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Huber, White seize overall Crocodile Trophy leads

Urs Huber and Sarah White took over the elite leads with stage victories in the stage 4 time trial. The multiple Swiss National Champion and four-time Crocodile Trophy winner Huber claimed stage 4 in 1:23:49 and takes over the overall lead by 1:11 in the men’s. Sarah White, who won before in 2015, takes over the women’s lead after a strong 2-hour race. Lucy Coldwell is now in second with a gap of 1:53.

For the 16th time in the 24-year history of the event, this small mining town with a population of 85 residents is hosting a Crocodile Trophy stage.

"We feel very welcome here and all the residents have been so supportive," said Race Founder Gerhard Schönbacher.

Of Huber fellow riders said, that he had been a "man on a mission" and "hungry for the win" on the 38 km time trial course from Herberton to Irvinebank. With an elevation change of only 525 meters, it was a fast and determined race by Huber and it all went to plan for the 33-year-old. He added that a few long and flat stages were coming up and that those should suit his style of racing. An endurance specialist and with years of Outback racing experience, he was confident for the next few days he concluded.

Swiss elite racer Konny Looser says he was happy about two stage wins this year but also very realistic. He had taken notice of the extremely strong form by Huber and that he wasn’t surprised by Huber’s win in the time trial.

"I saw yesterday that Urs is very strong and two minutes is not a big gap. There are still four days to go and a lot of long and flat stages coming up where a lot of things can happen like technical problems and then two minutes is nothing," he said.

He added that Urs was very strong on the flat stages and that he expected him to “put the hammer down”. The stage 4 route suited Huber well and Looser concluded that he was happy with second place and ready to “carry on” and that he would “try to keep the fire burning until the end."

In fourth was the Austrian Philipp Wetzelberger in 1:34:32 ahead of the Czech rider Milan Damek, who finished five minutes behind him. The 26-year-old said that he enjoyed “the beautiful and exotic land, landscapes and nature” in Australia. He had participated in many marathostage races overseas and experienced extreme weather and racing conditions and this event was the ultimate highlight of his racing season.

Sarah White overtakes Lucy Coldwell

A shake-up also in the women's: Lucy Coldwell suffered a mechanical issue and lost a lot of time repairing a flat tyre. Sarah White had a strong day and pushed herself into the overall women's lead by 1:53 ahead of tomorrow's fifth stage, a classic and relatively flat marathon to Skybury Coffee Plantation. The question will be if the the strong marathon endurance racer White will defend her lead against road specialist Coldwell across the 1200m of elevation.

At the halfway mark, Croc rests in Irvinebank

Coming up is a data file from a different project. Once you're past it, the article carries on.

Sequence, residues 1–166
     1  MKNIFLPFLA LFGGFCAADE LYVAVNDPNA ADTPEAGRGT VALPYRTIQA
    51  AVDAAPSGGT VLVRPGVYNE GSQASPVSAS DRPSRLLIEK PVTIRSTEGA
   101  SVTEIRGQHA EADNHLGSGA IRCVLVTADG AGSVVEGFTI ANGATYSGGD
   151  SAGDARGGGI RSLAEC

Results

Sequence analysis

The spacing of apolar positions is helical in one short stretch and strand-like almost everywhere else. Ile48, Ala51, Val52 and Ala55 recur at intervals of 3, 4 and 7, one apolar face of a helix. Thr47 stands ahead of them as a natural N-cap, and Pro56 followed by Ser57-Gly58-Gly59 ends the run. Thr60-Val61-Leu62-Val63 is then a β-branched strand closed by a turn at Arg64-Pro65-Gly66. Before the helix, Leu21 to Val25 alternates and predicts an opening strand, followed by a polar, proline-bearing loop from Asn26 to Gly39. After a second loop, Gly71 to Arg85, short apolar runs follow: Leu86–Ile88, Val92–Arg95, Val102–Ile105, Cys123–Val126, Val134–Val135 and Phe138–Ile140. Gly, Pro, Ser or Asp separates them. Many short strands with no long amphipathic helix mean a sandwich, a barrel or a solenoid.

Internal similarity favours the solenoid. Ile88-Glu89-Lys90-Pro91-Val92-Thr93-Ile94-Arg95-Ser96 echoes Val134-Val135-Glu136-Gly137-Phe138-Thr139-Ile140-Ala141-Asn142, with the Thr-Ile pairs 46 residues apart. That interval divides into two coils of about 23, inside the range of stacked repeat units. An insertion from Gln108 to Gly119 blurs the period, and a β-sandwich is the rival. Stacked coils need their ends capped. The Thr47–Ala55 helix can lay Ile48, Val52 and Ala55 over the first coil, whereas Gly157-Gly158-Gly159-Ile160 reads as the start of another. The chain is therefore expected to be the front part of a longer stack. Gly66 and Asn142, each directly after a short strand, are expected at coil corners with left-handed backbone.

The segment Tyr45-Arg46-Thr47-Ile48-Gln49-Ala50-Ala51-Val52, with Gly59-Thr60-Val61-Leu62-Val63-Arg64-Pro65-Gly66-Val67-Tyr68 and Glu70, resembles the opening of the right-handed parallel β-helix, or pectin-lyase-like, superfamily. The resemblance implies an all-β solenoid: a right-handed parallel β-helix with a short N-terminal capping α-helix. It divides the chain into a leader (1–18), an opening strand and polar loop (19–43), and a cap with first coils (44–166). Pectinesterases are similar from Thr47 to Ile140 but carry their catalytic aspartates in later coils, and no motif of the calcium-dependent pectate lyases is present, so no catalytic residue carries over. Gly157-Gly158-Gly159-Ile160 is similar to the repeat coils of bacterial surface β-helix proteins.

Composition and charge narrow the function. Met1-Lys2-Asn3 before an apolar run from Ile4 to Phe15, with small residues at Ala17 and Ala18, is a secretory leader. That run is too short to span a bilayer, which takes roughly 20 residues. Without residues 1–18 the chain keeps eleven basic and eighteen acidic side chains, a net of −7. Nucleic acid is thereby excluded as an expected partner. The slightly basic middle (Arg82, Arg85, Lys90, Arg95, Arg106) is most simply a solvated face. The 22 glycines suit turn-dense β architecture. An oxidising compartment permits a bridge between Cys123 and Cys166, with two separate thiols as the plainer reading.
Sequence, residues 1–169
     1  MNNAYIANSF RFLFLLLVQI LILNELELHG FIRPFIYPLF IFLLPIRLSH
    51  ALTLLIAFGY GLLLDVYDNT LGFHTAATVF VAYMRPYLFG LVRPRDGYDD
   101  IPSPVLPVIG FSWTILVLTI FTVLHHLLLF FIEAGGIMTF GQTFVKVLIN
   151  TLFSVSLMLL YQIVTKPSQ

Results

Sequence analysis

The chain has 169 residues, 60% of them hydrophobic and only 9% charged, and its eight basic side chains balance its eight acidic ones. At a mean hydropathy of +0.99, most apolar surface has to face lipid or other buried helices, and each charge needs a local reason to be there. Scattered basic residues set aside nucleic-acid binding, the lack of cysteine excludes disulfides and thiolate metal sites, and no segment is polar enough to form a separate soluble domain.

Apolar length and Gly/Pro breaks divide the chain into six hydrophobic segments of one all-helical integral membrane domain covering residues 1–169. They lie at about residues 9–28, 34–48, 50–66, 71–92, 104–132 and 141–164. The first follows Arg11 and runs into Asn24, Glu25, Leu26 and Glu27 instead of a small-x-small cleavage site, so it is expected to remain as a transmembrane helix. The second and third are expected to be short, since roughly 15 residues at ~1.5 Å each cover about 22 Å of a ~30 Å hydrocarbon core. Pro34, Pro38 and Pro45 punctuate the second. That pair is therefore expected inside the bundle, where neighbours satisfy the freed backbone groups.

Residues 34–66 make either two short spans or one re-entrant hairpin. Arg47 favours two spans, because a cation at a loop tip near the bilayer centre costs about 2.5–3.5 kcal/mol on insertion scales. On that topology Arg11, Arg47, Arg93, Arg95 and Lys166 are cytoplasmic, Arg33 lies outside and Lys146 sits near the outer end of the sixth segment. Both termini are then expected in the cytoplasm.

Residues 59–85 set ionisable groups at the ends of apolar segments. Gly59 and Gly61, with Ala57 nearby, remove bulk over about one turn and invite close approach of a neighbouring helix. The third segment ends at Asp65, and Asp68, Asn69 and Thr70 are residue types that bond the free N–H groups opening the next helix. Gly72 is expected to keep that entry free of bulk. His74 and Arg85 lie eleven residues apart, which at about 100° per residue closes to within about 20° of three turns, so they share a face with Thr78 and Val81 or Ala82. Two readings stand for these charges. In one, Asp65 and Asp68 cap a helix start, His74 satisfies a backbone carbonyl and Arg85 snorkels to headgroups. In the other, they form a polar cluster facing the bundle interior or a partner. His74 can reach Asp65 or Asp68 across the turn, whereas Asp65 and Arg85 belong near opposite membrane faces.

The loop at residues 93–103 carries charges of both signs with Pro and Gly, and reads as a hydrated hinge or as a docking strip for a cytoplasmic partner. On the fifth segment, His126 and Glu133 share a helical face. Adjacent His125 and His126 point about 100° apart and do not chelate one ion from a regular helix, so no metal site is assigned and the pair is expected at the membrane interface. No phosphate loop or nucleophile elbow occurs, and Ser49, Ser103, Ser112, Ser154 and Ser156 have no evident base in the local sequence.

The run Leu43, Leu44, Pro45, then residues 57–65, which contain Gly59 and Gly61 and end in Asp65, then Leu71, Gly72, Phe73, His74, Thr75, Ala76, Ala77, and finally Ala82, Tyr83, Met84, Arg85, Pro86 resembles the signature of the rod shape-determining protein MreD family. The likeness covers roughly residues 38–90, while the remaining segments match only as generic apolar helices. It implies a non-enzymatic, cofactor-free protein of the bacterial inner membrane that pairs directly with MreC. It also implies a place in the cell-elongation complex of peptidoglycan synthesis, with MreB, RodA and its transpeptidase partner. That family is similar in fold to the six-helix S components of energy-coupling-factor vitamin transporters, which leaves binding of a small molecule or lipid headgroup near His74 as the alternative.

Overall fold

With four days to go Wednesday's stage will be a ‘old-school’ marathono to Skybury Coffee Plantation, said eight-time Crocodile Trophy finisher Martin Wisata from the NSW Central Coast near Sydney. The 41-year-old said that it had been a furious start to the race.

“This year the first stage caught a lot of riders out, we didn’t expect it to be that humid and hot from the start, however, it seems to be that now that we’re half-way everyone has found a good rhythm.”

He said that stage racing and the Crocodile Trophy in particular demanded not only everything of the racers out on track, but that the recovery time after each stage and the preparation for the following day were critical.

“This is a very challenging race, you cannot come here unprepared. And, you really have to look after yourself and your equipment and after all these years of racing I know how to react when things don’t go to plan, you learn to adapt and be flexible and listen to body… and bike," he explained.

He said that he had known about the Crocodile Trophy since watching footage every year on TV from when he was growing up in Austria since the mid-nineties and that the camp life was an aspect that he immensely enjoyed.

“I noticed that a lot of riders are using the hotel packages offered, however, we still all get together for the communal breakfasts and dinners and that’s a lot of fun, chatting about the day’s racing and just coming together as a group of people who love riding. Being able to do this out here in so beautiful parts of Tropical North Queensland is unique and very special.”


Elite Men
#Rider Name (Country) TeamResult
1Urs Huber (Swi)1:23:49
2Konny Looser (Swi)0:01:12
3Sören Nissen (Lux)0:06:15
4Philipp Wetzelberger (Aut)0:10:43
5Milan Damek (Cze)0:15:54
6Matthias Grick (Aut)0:16:16
7Leander Hamelink (Ned)0:25:05
8Tom Vandenbussche (Bel)0:29:14

Elite Women
#Rider Name (Country) TeamResult
1Sarah White (Aus)2:02:25
2Lucy Coldwell (Aus)0:28:59
3Sjoukje Dufoer (Bel)0:39:35

General Classification after stage 4

Elite Men
#Rider Name (Country) TeamResult
1Urs Huber (Swi)14:18:26
2Konny Looser (Swi)0:01:11
3Sören Nissen (Lux)
4Matthias Grick (Aut)
5Philipp Wetzelberger (Aut)0:04:16
6Milan Damek (Cze)0:38:55
7Leander Hamelink (Ned)1:44:52
8Tom Vandenbussche (Bel)4:02:56

Elite Women
#Rider Name (Country) TeamResult
1Sarah White (Aus)19:46:26
2Lucy Coldwell (Aus)0:01:54
3Sjoukje Dufoer (Bel)1:15:19


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